Breaking in to the fashion industry has never been easy, but navigating the beginning of your career is made easier by getting advice and tips from those who’ve been there, done that, and are now considered experts in their fields.

This week, we sent contributor Jordan Wake out to get advice from the most exciting and iconic names in fashion. From established industry icons like Hilary Alexander OBE, to the new guard of the industry, we asked for their number one piece of advice for young people on finding your feet in the industry.

Experience is Essential — Sarah Mower MBE, Vogue Runway Chief Critic and British Fashion Council Ambassador for Emerging Talent

“For your first job, try to work for a small to medium sized company rather than a huge corporation. That way, you get to see and understand how everything works in business, and you’ll get better experience in ‘all hands on deck’ situations. But once you graduate, NEVER work for free.”

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Have a Thorough Understanding of the Industry — Hamish Bowles, International Editor at Large for American Vogue.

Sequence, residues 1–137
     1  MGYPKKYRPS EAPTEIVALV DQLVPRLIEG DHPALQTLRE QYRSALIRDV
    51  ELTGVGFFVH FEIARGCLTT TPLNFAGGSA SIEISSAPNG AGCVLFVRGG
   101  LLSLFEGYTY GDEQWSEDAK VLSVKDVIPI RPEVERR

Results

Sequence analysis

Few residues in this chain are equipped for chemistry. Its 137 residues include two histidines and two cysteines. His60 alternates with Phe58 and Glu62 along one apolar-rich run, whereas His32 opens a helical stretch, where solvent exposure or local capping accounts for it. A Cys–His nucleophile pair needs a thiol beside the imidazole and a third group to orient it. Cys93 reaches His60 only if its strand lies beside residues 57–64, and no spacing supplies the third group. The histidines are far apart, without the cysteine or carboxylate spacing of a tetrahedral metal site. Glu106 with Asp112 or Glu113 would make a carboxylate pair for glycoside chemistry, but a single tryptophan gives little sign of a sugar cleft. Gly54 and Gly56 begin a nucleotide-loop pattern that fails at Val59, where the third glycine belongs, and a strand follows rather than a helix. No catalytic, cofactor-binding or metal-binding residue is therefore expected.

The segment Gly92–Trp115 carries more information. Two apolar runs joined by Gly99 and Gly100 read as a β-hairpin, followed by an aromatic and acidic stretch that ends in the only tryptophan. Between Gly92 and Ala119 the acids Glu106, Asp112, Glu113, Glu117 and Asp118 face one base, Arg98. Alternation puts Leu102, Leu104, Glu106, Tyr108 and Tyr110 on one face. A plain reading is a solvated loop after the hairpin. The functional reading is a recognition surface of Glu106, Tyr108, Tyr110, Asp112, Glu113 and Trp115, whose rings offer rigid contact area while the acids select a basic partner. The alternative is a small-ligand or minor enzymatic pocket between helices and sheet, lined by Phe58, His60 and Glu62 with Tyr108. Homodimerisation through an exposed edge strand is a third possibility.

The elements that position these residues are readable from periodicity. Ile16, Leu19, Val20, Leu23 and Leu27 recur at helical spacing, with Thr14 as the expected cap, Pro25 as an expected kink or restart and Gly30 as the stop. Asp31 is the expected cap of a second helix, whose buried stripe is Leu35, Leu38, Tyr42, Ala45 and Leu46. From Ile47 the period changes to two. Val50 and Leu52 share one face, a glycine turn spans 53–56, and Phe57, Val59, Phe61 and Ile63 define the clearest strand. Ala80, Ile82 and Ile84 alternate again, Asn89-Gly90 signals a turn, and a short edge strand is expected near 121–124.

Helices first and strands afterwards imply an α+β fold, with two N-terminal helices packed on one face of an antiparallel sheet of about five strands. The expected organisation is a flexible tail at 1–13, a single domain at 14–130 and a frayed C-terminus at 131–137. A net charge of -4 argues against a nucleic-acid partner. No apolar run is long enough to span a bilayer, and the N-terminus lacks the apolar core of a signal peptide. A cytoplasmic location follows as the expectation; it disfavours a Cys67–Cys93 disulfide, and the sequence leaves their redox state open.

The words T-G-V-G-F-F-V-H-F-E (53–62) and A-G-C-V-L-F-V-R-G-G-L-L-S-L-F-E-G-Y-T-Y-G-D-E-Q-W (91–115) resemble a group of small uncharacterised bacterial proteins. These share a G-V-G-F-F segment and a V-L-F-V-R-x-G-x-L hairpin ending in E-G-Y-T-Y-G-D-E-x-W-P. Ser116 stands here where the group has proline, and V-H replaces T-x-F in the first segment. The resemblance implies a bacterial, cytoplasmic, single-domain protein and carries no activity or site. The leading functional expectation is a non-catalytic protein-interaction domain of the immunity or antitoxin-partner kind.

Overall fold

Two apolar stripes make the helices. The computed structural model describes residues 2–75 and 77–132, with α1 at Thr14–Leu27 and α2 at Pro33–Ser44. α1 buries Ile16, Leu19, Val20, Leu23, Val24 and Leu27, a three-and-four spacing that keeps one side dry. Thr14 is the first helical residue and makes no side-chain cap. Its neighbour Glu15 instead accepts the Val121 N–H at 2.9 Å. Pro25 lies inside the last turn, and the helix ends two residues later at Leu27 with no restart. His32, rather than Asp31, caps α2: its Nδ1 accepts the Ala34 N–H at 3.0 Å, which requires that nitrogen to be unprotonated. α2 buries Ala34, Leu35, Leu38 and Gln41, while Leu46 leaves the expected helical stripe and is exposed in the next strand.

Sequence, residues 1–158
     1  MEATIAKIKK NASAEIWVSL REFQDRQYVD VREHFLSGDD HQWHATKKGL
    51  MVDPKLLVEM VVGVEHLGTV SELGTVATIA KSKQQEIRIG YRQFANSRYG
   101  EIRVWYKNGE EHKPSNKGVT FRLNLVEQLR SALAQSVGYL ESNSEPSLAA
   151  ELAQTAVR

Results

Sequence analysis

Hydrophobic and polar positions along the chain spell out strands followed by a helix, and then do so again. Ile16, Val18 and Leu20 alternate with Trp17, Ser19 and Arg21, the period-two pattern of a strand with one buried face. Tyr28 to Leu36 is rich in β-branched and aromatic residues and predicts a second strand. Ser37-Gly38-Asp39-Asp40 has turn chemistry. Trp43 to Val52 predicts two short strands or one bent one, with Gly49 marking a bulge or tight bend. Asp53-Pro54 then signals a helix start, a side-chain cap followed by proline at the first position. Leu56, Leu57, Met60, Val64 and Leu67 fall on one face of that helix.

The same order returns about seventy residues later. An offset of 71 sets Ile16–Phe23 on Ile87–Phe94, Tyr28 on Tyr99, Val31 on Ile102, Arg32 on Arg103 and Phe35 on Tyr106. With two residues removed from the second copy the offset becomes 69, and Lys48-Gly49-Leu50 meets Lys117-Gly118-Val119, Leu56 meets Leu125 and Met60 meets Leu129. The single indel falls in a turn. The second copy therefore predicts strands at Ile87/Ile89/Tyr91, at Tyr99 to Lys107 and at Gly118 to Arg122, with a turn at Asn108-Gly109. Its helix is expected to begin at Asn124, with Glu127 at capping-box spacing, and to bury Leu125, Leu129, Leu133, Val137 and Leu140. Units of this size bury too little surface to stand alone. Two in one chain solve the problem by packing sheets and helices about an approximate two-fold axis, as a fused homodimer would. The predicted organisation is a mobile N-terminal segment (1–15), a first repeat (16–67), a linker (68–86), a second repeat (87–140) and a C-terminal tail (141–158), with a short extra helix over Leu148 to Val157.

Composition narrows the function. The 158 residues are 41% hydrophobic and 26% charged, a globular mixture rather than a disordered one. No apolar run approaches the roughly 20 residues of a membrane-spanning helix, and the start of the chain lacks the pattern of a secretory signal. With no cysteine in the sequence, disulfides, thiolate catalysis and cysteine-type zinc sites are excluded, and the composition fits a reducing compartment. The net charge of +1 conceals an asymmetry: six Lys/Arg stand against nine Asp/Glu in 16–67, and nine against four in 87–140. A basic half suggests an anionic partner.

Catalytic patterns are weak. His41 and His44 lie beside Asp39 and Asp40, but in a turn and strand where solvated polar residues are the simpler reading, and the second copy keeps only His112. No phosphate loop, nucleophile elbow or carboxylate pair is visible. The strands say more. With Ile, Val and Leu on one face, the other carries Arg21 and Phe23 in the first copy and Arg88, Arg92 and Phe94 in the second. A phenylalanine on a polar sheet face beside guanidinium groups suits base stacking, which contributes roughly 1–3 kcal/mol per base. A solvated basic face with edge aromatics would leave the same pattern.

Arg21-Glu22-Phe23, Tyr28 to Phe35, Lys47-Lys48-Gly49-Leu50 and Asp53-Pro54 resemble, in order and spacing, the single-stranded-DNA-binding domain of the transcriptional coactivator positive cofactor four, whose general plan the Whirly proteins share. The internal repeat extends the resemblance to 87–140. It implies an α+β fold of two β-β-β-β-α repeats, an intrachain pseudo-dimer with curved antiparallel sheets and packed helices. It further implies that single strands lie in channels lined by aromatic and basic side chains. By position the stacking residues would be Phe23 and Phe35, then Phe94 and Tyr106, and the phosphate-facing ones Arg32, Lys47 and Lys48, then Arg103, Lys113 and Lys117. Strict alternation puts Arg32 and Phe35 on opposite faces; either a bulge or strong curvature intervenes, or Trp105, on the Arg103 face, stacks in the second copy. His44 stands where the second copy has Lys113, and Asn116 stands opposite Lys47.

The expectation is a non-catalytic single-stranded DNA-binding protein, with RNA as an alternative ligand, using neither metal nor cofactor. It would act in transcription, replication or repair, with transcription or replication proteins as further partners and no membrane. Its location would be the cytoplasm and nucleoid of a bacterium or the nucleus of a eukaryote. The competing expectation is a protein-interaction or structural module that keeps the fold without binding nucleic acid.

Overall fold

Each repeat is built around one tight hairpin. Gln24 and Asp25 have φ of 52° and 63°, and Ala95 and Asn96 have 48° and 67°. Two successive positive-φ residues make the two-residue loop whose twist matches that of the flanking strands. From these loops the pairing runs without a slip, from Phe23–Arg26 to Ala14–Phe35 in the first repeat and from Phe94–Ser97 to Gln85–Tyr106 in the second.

“I think it’s important to experience as many facets of the industry as you can, regardless of where you see yourself ending up. Retail, press, publicity, design - it’s vital to have a holistic experience and to understand what best serves your future client, partners, and consumer. I also think that as a designer it’s really important to work for small and large brands before thinking of establishing an eponymous brand. It’s vital to understand how the system works even if you can identify improvements or adjustments in what your own industry model might be!

Experience is everything and can help you avoid the many pitfalls of establishing a brand or a company of your own. Today’s fashion designer needs to understand far more than how to put a compelling and desirable collection together, although that is an essential component. They need to understand how to articulate and communicate the message to press and consumer and how to produce and deliver, and navigate complex global markets and regional tastes and sensitivities as well as being cognisant and mindful of the physical impact that production has on the global environment.”

Be True to Yourself — Edward Crutchley, Fashion Designer and founder of Edward Crutchley.

“You have to be your own cheerleader. If you don’t believe in what you are doing then you can’t expect anyone else to either. Speak with your true voice, research thoroughly so you can back up your ideas, listen to your tutors and take on the advice YOU think is relevant. Fashion can be tough. But if you deliver your work from a joyful place, it isn’t hard work.”

Ask Stupid Questions — Vanessa Friedman, Fashion Director and Chief Fashion Critic at The New York Times.

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“In economics, one of the most famous questions rarely asked is ‘What is the difference between a stock and a bond?’ Why is this so rarely asked? Because people are worried they will look stupid if they ask it. They assume everyone else knows the answer, because it seems so obvious.